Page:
Checking in with the Ogilvy Grads

Kara Levy and Glenn Kisela have been learning the ins and outs of agency life through the Ogilvy Graduate Programme (OGP). Our last check in with them was in April. Find out what life has been like at the Big O.

KARA:

Kara

Q: The last time we checked in you were leaving Account Management and heading to OgilvyOne (OO). Name one high and one low from your time at OO.

High note: There were so many! On a light note, sharing a desk with Claire and having some bonding time (we made a ‘your side/my side line’) and took it very seriously. Another high was actually working on a Sunday with a colleague from another agency putting a strat together for a presentation that was due to be presented on the Tuesday morning – that moment when things start to come together and a strong story and argument is built succinctly is so rewarding.

Low note: This is tough – there weren’t many lows, but if I had to say something it was probably having a mild panic attack when I realized I hadn’t ordered enough Lego for one of the workshops we were running and I had to get it couriered to my house – yes, we use Lego for workshops.

Q: You’re in Ogilvy PR (OPR) now. How has travelling through all these departments opened your eyes to what agency life is like?

I guess it has shown me how every department is able to function as a mini-agency on its own, but how important it is for all the departments to work together because everyone has such niche knowledge and skills.

Q: What are your plans after OPR?

I am planning on making my way back up to the 6th floor, to do some time in ATL strategy. It will be interesting because I have worked my way from very specific digital strategy, to a bit more of a broader perspective in PR strategy and I will end off with time looking at things from a very top line perspective.

Q: If you had to create an agency survival kit for an OGP, what would you include?

  • A notebook: Chris Rawlinson told me something really interesting in one of my first months at the agency, he said that you always have your best ideas in your first/first few years of working, so I always write down new ideas when they come to me and hopefully I’ll be able to implement them at some point.
  • Earphones: These serve more than one purpose, they are the ultimate “do not disturb” signal and they save you from the questionable music that sometimes comes out of the buzz
  • Flash drive: As you are working on presentations and with different people all the time, a well organised flash stick is a must have
  • Comfy shoes: people underestimate the amount of stair running that gets done in this building, and being looked down upon for taking the lift two floors is a real thing
  • Coffee/identify a good coffee spot: this is the 9 o’clock turbo fuel injection – make sure it’s good
  • Minimal desk decoration: as you move around a lot (I am on my 6th desk), you must have desk decoration that is easily movable and not much of it.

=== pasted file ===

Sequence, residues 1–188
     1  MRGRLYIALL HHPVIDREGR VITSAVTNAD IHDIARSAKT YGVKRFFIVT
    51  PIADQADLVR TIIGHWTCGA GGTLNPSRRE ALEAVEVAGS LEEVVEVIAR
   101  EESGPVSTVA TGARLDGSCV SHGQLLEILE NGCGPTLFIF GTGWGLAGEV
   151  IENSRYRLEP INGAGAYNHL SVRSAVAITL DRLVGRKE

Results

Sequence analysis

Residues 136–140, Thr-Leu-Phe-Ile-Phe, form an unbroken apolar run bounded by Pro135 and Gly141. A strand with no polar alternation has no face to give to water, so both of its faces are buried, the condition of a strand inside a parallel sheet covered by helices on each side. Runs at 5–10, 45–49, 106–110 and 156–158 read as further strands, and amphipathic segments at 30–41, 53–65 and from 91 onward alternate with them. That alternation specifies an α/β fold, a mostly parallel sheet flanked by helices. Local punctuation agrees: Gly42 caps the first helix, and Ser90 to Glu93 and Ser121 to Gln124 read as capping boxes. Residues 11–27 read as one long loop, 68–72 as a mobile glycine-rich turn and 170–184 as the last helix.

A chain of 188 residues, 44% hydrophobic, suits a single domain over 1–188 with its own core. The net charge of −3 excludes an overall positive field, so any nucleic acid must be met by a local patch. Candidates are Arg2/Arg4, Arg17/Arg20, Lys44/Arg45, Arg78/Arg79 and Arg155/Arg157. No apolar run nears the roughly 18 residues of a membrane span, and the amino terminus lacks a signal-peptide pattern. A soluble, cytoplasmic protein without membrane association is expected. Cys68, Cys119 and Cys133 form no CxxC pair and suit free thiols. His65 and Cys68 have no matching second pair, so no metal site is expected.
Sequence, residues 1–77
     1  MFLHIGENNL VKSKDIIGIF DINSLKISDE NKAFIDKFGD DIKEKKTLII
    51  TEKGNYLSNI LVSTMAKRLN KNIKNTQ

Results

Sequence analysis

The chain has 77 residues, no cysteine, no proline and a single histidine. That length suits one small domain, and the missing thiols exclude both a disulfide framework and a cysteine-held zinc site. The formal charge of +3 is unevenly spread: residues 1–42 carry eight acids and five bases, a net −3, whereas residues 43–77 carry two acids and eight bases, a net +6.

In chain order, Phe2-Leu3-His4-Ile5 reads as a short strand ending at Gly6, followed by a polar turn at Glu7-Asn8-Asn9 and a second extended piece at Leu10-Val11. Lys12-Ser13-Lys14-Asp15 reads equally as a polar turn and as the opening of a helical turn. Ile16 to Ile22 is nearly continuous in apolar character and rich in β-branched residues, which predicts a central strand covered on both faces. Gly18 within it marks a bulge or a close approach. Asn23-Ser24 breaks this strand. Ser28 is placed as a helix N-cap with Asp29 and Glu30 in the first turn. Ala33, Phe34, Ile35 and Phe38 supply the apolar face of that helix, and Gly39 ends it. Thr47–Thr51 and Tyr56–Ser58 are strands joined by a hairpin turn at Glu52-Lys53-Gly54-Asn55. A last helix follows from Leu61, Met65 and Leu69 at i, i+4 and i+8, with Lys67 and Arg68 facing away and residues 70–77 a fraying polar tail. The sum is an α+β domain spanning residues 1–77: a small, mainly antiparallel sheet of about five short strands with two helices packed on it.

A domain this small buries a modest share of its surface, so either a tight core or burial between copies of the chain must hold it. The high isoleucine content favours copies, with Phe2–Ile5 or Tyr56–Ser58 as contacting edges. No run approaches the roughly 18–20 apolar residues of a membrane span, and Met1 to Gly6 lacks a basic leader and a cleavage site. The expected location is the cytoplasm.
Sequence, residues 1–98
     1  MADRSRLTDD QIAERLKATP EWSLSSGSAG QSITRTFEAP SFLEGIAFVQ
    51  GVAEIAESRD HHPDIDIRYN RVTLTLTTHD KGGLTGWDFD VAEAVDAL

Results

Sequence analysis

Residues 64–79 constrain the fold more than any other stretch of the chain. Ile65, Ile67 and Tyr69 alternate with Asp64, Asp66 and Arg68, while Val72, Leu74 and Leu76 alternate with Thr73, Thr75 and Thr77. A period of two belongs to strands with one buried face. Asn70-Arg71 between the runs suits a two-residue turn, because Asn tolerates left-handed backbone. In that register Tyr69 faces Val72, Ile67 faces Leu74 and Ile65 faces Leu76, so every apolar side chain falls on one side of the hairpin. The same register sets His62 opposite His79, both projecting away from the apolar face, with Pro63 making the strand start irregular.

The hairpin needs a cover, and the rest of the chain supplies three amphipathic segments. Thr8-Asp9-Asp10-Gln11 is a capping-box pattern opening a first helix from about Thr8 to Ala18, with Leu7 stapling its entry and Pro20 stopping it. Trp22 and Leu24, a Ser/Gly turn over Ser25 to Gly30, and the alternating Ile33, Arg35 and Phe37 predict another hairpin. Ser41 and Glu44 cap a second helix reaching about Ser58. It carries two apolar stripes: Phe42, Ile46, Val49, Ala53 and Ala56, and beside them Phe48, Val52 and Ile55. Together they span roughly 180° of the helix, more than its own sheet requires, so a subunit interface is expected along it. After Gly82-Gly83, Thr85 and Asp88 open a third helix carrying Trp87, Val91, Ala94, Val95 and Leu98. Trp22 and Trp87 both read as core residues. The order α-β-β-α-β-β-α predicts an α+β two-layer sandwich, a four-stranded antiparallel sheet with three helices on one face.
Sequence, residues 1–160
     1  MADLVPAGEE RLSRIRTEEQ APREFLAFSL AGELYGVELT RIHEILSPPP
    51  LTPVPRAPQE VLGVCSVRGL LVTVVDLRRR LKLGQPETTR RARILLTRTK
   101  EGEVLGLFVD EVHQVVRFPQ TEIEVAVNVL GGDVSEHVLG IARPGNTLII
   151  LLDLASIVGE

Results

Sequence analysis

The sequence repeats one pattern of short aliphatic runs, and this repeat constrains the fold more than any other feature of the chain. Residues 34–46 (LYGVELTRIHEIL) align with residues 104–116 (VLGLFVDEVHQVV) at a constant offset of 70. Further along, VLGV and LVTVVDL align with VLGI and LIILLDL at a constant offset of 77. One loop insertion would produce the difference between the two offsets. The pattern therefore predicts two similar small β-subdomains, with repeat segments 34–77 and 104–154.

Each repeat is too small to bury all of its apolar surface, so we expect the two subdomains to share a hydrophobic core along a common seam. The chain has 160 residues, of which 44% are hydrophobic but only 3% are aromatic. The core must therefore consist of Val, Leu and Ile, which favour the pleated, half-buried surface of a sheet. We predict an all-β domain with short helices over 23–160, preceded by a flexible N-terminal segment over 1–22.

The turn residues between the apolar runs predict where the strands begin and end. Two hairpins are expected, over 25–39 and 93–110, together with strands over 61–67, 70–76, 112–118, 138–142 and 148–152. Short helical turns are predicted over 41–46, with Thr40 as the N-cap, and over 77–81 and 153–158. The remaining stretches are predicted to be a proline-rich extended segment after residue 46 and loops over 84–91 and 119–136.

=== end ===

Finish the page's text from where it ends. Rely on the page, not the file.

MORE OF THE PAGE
Q: Who is your “ad-crush” and why?

The people at Ogilvy Brasil who made an advert called “immortal fans” for Sport Club Recife. That advert was a large contributor to me wanting to get into advertising. Check it out:  https://www.youtube.com/watch?v=-8GFcAlWhBM

GLENN:

Glenn 2

Q: You’ve been with Ogilvy PR (OPR) for about 6 months now. What have you been up to? 

PR has been a whirlwind ride. It’s hard to put into words really. I’ve been involved in everything from setting up a newsroom for the agency to creating campaigns for various brands. Creating social content to doing fashion photo-shoots. It has been an incredible experience working in a place where I never actually know what each day is going to bring.

Q: If you could create an OPR survival kit, which 5 items would you include?

  • A bottle of Jameson to help you get through the late nights
  • A book that taught you a sense of humour in case you lack it
  • A music playlist that only featured Drake because obviously
  • A 4 pack of Red Bull because sometimes the world of PR moves too fast
  • Lastly, a dictionary because typos in our world means death.

Q: Who is your “ad-crush” and why?

It’s not Brittney Kok because she’s the worst.

Q: During your 6 months, name one high and one low while being at OPR.

A high would be winning the Times Creative Challenge, definitely. A low would be a particularly frustrating client presentation.

Q: How much caffeine do you need to get through a typical day?

2 cups a day. Excluding my daily Red Bull.

 

Conn Bertish – creative strategist, cancer survivor, and then some.

We recently had former adman and all-round inspirational guy, Conn Bertish, host a How To Friday at the office.

Conn Bertish is the former ECD at Saatchi & Saatchi, JWT and Quirk; and more recently, the founder of the Cancer Dojo. He came to chat to us about the disease that changed his life in a way you can’t imagine.

Have a look at his story:

He also took some time to answer a few questions…

1. Since your diagnosis have you had any crazy YOLO (yes, we can say YOLO here) moments?

I do, every six months, but they’re called MRI scans. They are true perspective YOLO moments that last about 25 minutes while fully immersed in an MRI machine scanning tube that checks for signs of cancer in my brain. I used to fear them, but have learned to really appreciate the 25 minutes of true perspective of what’s important, and what is not. It’s amazing how much crap we worry about, that we shouldn’t.

2. If you could describe your journey in 10 words, how would you do it? (or draw it if you like)

It’s just begun – stay tuned @connbertish or @cancerdojo.

3. What would you like your tomb stone to say about you?